Unable to list directory contents

Ultimately, our focus was on permissions. And, in general, the consensus was to run the Configure Replication Wizard as SA. So, this means that any file/folder permissions fall to the account running SQL Server.  For our example, that would be:  MYDOMAIN\sqlserviceacct

We'll admit that after several failed setup attempts, some of the following may be excessive. But they finally worked.


  1. SQL Server service running a domain account:  such as  MYDOMAIN\sqlserviceacct
  2. Replication Snapshot Share
    1. Verify that the account "MYDOMAIN\sqlserviceacct" can both
      1. read the folder
      2. read the UNC share
    2. In addition to the other accounts that will need access to support replication!
  3. Folder(s) to hold the Distribution Database. For example, your distribution database will be placed in the folder E:\SQLsvr\Data\Distribution
    1. Verify that the account "MYDOMAIN\sqlserviceacct" can READ the top level folder
    2. Verify that the account "MYDOMAIN\sqlserviceacct" can READ the next level folder.
    3. Verify that the account "MYDOMAIN\sqlserviceacct" has control over the FINAL folder. In this case E:\SQLsvr\Distribution. 
  4. EXEC sp_configure 'xp_cmdshell', 1;
    1. with a newly setup SQL Server, you may not have disabled xp_cmdshell. But, this server was already in production, and since it did not need xp_cmdshell, it was disabled (a best practice).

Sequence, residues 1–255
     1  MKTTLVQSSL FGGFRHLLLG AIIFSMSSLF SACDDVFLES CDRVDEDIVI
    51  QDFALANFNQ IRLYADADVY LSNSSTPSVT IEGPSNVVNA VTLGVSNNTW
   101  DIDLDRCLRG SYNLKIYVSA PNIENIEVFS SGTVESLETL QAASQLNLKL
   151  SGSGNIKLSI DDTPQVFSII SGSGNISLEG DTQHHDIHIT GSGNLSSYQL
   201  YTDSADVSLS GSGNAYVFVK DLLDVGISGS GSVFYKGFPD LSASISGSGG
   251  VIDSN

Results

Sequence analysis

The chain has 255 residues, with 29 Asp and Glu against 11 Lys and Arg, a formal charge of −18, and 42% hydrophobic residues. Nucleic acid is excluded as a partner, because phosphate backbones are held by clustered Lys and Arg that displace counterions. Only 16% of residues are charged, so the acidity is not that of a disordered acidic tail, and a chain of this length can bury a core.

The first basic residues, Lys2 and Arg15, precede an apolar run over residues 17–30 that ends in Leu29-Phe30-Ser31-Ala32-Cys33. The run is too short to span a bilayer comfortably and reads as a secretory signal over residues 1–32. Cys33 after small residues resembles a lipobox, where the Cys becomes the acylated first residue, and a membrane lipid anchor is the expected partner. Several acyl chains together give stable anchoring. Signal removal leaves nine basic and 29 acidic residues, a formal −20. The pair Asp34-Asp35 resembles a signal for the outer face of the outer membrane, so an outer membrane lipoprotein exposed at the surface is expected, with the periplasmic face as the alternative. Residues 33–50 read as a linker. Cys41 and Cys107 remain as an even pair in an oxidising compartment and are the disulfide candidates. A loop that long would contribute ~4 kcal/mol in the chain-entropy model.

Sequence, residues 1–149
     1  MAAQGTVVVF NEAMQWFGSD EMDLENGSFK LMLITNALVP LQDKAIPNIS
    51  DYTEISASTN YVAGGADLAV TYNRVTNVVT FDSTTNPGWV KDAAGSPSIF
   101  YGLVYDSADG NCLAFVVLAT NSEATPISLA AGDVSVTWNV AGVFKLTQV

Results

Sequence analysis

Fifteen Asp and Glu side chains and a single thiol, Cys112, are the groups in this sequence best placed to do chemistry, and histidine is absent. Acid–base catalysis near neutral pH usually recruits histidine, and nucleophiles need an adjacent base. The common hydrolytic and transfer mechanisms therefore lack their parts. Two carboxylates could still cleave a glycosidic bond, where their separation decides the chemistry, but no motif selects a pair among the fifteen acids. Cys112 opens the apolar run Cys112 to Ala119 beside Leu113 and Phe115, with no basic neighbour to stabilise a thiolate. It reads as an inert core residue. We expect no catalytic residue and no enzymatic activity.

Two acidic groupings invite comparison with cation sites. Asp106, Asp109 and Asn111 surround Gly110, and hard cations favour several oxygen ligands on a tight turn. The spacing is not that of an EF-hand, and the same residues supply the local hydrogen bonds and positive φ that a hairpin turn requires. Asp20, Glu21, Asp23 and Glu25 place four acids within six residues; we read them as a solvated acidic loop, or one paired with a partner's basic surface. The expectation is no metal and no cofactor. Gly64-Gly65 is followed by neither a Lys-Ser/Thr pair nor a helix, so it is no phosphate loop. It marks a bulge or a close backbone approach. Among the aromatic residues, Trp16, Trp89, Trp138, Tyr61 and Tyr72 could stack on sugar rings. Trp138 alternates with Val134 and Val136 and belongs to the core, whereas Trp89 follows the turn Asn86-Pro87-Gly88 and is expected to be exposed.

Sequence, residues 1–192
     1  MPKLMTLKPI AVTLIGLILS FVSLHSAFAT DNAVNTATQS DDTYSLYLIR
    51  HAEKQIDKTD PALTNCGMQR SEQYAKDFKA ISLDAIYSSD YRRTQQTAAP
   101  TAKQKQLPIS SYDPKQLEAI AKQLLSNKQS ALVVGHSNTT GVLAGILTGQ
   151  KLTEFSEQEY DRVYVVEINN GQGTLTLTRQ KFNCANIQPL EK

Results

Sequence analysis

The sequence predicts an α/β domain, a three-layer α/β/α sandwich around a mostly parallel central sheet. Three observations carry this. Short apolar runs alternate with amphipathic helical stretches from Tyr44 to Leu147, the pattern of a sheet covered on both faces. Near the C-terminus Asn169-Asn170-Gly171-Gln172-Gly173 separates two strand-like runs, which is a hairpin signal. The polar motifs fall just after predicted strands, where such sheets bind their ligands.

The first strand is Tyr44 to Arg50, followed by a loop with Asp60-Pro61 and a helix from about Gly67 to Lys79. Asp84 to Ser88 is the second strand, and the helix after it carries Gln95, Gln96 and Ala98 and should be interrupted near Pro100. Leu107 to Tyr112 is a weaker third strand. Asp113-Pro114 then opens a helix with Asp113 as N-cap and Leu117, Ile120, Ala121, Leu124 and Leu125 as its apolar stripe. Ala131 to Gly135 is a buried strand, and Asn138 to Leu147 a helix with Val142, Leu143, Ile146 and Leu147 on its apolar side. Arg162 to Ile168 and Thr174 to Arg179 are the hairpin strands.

2. Before running the Wizard, we temporarily enabled xp_cmdshell. Once the install was completed, we promptly disabled xp_cmdshell.
  5. Consider running:  sp_removedbreplication.
    1. One thread suggested that you run sp_removedbreplication. It was listed under the premise that you had an earlier replication installation. We did not, but we still ran the procedure to clear out any partial replication objects that may have been left from our earlier failed install. 

sp_configure 'xp_cmdshell', 1;

We are sure you know how to do this, but just incase, see: xp_cmdshell Server Configuration Option.
Basically (from MSDN):

-- To allow advanced options to be changed.  
EXEC sp_configure 'show advanced options', 1;  
-- To update the currently configured value for advanced options.  
-- To enable the feature.  
EXEC sp_configure 'xp_cmdshell', 1;  
-- To update the currently configured value for this feature.  

Running the Wizard - Configure Replication

  1. Using SSMS, connect to SQL Server as SA.
    Looking over many of the postings, it was generally agreed to run the wizard as SA. 
  2. SnapShot folder
    1. UNC required, such as \\myserver\myreplicationshare
    2. Verify that your UNC is exactly the one you setup.
  3. Database folder
    1. Verify that your folder is exactly the one you plan to use, with the permissions set as listed above.
  4. Script - yes you want a copy of the script.
That should lead to success.  If not, go back and verify that your SQL Server service account really does have access to the folders. And then make sure you have them spelled correctly.